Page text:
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5 Things You Should Know About Persistent Fetal Vasculature

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Persistent fetal vasculature was first described as persistent hyperplastic primary vitreous in 1955. The name was later changed to the more medically descriptive persistent fetal vasculature (PFV) in 1997. PFV occurs when the stalk (fetal vessels) that usually regresses during eye development in utero does not retract like it should, if at all. In PFV, light is unable to reach the retina due to the stalk blocking the way. This is the cause for poor or no vision. PFV commonly occurs with microphthalmia and congenital cataracts.

Scarlett got her diagnosis at 6 days old after not opening her right eye at all since her birth. They quickly ruled out retinoblastoma and gave her a diagnosis of microphthalmia, congenital cataract, and PFV. Using ultrasound, it was determined that her stalk never regressed at all. She was completely blind in her right eye and would require a prosthetic eye due to her other conditions.

The five things you should know about PFV.

1. Diagnosis almost always occurs within the first few years of life.

PFV is typically diagnosed as an infant or toddler. If the condition is not diagnosed at birth, other symptoms such as a lazy eye can lead to a true diagnosis of persistent fetal vasculature. This condition is congenital, meaning you are born with it.

2. Symptoms vary depending on severity.

Nystagmus (abnormal eye movements), strabismus (crossed eyes), and amblyopia (“lazy eye”) are common symptoms but each case is different.

Our case was diagnosed after an ultrasound to check the structure of Scarlett’s eye because it is abnormally small (microphthalmia).

A baby photo of Scarlett. You can see she has one small eye.

3. Misdiagnosis and delayed diagnosis are common.

Parents often notice something is off from birth but are told it is just part of birth trauma or it takes time for things to appear normal. Ideally, diagnosis happens after an eye exam. This exam would warrant a trip to an ophthalmologist where they will request an ultrasound, CT or MRI to confirm their diagnosis of PFV. Exams under anesthesia are also common when the patient is an infant/toddler to check on the eye structure and healing (if surgery was performed).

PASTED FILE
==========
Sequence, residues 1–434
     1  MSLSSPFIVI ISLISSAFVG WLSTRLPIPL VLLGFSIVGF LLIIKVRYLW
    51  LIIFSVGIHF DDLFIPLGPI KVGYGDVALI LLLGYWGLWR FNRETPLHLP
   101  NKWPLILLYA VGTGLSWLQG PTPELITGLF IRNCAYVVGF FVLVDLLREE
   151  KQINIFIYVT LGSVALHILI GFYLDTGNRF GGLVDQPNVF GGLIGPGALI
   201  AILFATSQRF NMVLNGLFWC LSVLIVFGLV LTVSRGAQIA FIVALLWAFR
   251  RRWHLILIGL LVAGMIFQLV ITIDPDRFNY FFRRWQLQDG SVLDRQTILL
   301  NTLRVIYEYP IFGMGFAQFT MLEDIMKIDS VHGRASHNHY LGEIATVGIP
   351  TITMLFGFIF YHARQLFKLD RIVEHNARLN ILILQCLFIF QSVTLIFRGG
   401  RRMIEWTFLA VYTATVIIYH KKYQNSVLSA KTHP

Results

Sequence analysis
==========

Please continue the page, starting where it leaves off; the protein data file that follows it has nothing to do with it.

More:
I know parents who had their concerns dismissed, and went directly to a pediatric ophthalmologist. Other parents would get a diagnosis of a lazy eye only to discover as time went on that PFV was the underlying cause of their child’s symptoms.

4. What treatments exist for the condition?

Each case is individual so treatments will vary. If the patient is a good candidate for vitreoretinal surgery then it is recommended to be done as early as possible. Approximately half of surgical cases gain useful vision in the PFV eye.

After surgery, a patching regimen will be given to help build vision in the affected eye. With patching, an adhesive patch is placed over the stronger eye which in turn makes the weaker eye work harder at gaining vision. This can be challenging to do with children but the reward can be great. Vision can be rehabilitated from just light perception to truly useable vision.

If the case is severe, no treatment or enucleation (removal of the eye) may be recommended. If the eye is removed, a prosthetic eye will be used to maintain the eye orbit structure as well as for cosmetic purposes.

No matter which treatment is done, glasses will be a necessity to protect the eye (or eyes). Often times there will be no prescription in the stronger eye but a prescription for the weaker eye.

5. You are never alone.

Despite only occurring in 1 out of approximately 10,000 births, there is a great online PFV community! From connecting with others through social media to finally meeting in person there are so many opportunities to connect. People with PFV on Instagram and the PHPV Facebook Group have brought together many within the PFV community. In the beginning of your PFV journey, it can feel so lonely. However, I promise you are not. There is a whole PFV family out there and we are pretty awesome.

Originally published: January 3, 2020
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